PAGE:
Summer 1966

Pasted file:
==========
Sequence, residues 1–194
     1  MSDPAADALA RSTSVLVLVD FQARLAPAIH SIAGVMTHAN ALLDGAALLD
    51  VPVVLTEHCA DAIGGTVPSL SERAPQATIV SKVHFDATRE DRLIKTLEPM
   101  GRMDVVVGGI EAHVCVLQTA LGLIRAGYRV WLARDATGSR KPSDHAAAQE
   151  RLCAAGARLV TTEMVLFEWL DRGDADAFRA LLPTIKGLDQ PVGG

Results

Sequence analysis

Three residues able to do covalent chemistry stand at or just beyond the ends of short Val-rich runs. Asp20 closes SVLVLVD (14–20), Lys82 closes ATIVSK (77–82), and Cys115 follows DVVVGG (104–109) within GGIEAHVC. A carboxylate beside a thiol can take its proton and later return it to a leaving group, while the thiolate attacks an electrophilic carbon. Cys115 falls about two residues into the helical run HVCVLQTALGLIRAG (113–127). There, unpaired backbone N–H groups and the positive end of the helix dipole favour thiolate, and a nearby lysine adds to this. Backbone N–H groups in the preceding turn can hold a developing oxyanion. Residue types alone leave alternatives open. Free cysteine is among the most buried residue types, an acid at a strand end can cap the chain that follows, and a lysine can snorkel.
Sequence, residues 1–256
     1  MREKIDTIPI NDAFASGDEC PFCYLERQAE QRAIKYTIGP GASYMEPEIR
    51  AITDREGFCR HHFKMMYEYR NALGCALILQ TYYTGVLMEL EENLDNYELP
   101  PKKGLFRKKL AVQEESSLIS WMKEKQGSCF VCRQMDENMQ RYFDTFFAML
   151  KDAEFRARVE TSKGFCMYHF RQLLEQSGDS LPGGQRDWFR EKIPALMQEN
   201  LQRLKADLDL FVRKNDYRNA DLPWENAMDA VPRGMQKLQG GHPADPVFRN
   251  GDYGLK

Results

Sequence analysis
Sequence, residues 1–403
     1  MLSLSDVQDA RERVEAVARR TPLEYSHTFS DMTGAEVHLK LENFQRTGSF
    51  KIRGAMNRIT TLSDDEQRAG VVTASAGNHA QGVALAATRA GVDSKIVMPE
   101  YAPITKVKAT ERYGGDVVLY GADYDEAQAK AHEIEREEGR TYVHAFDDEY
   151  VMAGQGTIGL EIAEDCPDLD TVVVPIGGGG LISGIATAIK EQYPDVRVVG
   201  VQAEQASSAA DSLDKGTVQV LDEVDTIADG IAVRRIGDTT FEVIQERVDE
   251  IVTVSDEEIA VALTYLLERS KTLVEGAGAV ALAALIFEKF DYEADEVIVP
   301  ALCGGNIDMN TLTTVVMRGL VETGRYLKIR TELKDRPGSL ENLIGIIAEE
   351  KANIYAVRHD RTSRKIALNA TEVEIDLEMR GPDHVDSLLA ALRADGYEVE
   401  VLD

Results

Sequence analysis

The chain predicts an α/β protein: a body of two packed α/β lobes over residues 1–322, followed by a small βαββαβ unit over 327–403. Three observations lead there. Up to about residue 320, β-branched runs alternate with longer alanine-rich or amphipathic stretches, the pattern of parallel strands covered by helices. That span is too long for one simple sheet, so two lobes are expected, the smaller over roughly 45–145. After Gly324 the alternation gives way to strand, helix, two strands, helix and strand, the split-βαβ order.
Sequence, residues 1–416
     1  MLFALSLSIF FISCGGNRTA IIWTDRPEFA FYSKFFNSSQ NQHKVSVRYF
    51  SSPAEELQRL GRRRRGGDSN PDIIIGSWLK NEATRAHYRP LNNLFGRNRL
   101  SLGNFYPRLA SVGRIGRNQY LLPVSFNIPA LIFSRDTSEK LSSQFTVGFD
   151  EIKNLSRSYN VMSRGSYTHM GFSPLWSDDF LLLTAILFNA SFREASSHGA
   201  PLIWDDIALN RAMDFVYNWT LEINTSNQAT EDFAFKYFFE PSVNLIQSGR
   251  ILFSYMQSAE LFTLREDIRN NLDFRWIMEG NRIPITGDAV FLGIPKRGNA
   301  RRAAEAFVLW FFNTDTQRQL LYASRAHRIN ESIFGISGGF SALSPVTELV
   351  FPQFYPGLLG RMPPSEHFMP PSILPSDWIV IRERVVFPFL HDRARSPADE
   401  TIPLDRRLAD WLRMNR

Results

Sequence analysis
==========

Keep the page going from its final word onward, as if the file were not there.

My memory of names and dates has gotten so bad I haven't the slightest idea when this happened or who was flying. During the summer/fall of 1966 I was the avionics on site repair person at the Oasis. I was flying back to Plieku with a flight of 5 slicks, sleeping on the jump seat if I remember, and I heard someone say that they saw some AA 12.5mms on the ground near the edge of a clearing. We swooped down and picked up three brand new tripod mounted weapons, several full cans of ammo and about a half dozen packs. The pack I got still had warm soup in the mess kit, a complete North Vietnamese khaki uniform, a plastic poncho and a pair of tennis shoes along with personal toiletry stuff. I really thought I had a prize to bring home, but S-2 at Holloway took all the packs and guns, probably for their own souveniers, telling us we would get them back. Never did? As we lifted out of the zone, here comes Charlie with his small arms popping. Only one ship got a superficial hit. Charlie was like any GI, try to catch some ZZZs when ever it is possible. Another time, while asleep in the 208th hootch, I was in the top bunk, a horrific explosion went off and I rolled out grabbing my boots and weapon. By the time I got to the door on the way to the bunker, I saw the jet swooping off. He had played a practical joke on us and broke the sound barrier over the compound. I then realized that I had cut my cheek (three stitches) on my peanut can ash tray on the way to the floor. Boy, did everyone rib me about my "wound," the only one I got that year. I guess you could say I was lucky. I don't know how many of you remember Pete Cloutier of the 208th. He had one of those almost tragic accidents. He had gone to town for one of Frenchie's steak sandwiches and had stuffed a 45 in his belt. While there a Buddhist demonstration happened and Pete stupidly cocked the weapon, then promptly forgot about it. When he got back to the vans (repair shops), as he removed the gun from his belt, it fired. The round hit him in the inner thigh just 1/4 inch from his scrotum and went almost the length of this thigh, exiting just above the knee. He spent a couple of months in the hospital, and prayed thanksgiving that he had not become a enuch. Sorry Pete, some things one just cannot forget. I wanted to tell you guys how glad I was to find this site. I had apparently blocked out some of the bad parts and was totally convinced we had not had a single person killed that year. Just goes to show you how the mind works. After I saw the names I could finally recall some of the things that happened. David N. Smith CW4 Signal Corps My memory of names and dates has gotten so bad I haven't the slightest idea when this happened or who was flying. During the summer/fall of 1966 I was the avionics on site repair person at the Oasis. I was flying back to Plieku with a flight of 5 slicks, sleeping on the jump seat if I remember, and I heard someone say that they saw some AA 12.5mms on the ground near the edge of a clearing. We swooped down and picked up three brand new tripod mounted weapons, several full cans of ammo and about a half dozen packs. The pack I got still had warm soup in the mess kit, a complete North Vietnamese khaki uniform, a plastic poncho and a pair of tennis shoes along with personal toiletry stuff. I really thought I had a prize to bring home, but S-2 at Holloway took all the packs and guns, probably for their own souveniers, telling us we would get them back. Never did? As we lifted out of the zone, here comes Charlie with his small arms popping. Only one ship got a superficial hit. Charlie was like any GI, try to catch some ZZZs when ever it is possible. Another time, while asleep in the 208th hootch, I was in the top bunk, a horrific explosion went off and I rolled out grabbing my boots and weapon. By the time I got to the door on the way to the bunker, I saw the jet swooping off. He had played a practical joke on us and broke the sound barrier over the compound. I then realized that I had cut my cheek (three stitches) on my peanut can ash tray on the way to the floor. Boy, did everyone rib me about my "wound," the only one I got that year. I guess you could say I was lucky. I don't know how many of you remember Pete Cloutier of the 208th. He had one of those almost tragic accidents. He had gone to town for one of Frenchie's steak sandwiches and had stuffed a 45 in his belt. While there a Buddhist demonstration happened and Pete stupidly cocked the weapon, then promptly forgot about it. When he got back to the vans (repair shops), as he removed the gun from his belt, it fired. The round hit him in the inner thigh just 1/4 inch from his scrotum and went almost the length of this thigh, exiting just above the knee. He spent a couple of months in the hospital, and prayed thanksgiving that he had not become a enuch. Sorry Pete, some things one just cannot forget. I wanted to tell you guys how glad I was to find this site. I had apparently blocked out some of the bad parts and was totally convinced we had not had a single person killed that year. Just goes to show you how the mind works. After I saw the names I could finally recall some of the things that happened. David N. Smith CW4 Signal Corps